Our research did turn up sporadic places where the price of an individual item from our basket was much less compared to the competitors. For example, you could get the pack of crayons for just $2.09 at But these deals often involve some caveats, namely minimum purchases. Discount School Supply only sold the binders in packs of four (and the minimum for free shipping was $79). Meanwhile, at Sam’s Club, you could get the Mead 70-page notebook for a mere $1.28. However, you had to buy a minimum of 12 of them (and have a membership to Sam’s, which starts at $45 per year). RiteAid was offering the notebook at 33 cents apiece, if you bought three and have a store card.

If you are shopping for multiple children, or just one with a lengthy list of needed supplies, these kinds of offers might help you save more money.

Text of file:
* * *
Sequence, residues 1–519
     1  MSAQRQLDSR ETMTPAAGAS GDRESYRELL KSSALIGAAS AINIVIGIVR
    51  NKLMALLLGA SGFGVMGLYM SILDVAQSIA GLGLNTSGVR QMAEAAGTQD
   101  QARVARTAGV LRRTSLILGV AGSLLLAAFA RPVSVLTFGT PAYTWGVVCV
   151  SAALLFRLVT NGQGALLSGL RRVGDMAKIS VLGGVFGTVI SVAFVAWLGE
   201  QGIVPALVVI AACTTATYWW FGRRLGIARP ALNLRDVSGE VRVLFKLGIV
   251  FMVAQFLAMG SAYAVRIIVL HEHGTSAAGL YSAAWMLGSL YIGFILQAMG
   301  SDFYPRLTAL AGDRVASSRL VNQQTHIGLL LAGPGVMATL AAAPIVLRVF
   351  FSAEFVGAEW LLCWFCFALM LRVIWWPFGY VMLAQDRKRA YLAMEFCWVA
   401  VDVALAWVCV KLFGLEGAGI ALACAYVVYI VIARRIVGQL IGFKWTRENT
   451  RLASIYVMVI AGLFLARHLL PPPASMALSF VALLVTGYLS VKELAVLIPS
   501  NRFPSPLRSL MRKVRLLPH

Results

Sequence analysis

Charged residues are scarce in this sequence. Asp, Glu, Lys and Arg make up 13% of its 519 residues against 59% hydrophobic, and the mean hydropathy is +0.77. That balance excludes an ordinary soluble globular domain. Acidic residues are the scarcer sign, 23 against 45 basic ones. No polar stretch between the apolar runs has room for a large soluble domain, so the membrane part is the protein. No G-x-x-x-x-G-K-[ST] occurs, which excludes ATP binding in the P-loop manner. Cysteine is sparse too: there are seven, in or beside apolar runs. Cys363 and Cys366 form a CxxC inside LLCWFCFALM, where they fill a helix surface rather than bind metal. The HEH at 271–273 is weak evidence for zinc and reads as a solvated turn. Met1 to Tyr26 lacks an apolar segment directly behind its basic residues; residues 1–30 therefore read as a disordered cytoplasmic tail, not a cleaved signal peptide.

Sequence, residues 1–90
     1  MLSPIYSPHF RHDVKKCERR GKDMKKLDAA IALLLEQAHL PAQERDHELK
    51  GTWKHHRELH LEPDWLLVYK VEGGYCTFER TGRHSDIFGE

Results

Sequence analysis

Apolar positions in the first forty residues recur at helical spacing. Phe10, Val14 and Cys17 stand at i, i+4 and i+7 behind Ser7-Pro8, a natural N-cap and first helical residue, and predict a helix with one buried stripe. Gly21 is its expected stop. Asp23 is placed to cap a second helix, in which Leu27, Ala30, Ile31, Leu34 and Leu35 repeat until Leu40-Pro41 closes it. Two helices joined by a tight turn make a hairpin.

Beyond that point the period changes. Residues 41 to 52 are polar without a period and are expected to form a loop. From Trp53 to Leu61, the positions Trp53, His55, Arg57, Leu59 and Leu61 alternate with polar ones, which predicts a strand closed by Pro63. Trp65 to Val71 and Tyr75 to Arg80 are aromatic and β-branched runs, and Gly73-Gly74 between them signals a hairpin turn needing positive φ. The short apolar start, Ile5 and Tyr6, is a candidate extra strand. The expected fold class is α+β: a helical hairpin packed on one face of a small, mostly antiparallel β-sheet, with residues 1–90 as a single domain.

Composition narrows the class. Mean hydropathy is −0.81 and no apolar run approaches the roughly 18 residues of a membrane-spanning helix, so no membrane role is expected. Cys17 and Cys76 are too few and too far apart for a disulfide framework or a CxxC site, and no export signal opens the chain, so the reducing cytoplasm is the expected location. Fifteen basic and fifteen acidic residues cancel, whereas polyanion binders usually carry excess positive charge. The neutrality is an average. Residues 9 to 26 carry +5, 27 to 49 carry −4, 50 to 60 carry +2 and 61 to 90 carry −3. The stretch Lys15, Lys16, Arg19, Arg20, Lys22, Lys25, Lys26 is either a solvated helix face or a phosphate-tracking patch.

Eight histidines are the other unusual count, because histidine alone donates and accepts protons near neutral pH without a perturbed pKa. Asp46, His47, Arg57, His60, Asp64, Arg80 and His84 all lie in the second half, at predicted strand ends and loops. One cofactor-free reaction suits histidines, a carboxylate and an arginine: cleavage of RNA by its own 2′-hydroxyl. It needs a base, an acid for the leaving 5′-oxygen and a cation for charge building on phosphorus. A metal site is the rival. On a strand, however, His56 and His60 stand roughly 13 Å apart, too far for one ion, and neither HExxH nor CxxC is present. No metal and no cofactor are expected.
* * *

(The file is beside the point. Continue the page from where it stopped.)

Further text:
When you’re shopping online, make sure you factor in the costs of shipping, which can end up negating any price savings, especially for low-cost items like school supplies. At many online retailers, including Walmart and Amazon and Target, you can often get free shipping if your order amount is above a certain price point ($25 at Target; $35 at Amazon (not-prime); $35 at Walmart; $49 at CVS; $49.99 at Staples; and $50 at RiteAid, on the day we checked).

If you manage to save some money on school supplies at the beginning of the school year, earmark it for ice cream sundaes when your little scholar brings home all As.

Sterling Price

Sterling Price is a research analyst at ValuePenguin specializing in health and life insurance. He graduated from Syracuse University with a bachelors degree in Finance and Accounting and has previous experience as a licensed life insurance representative.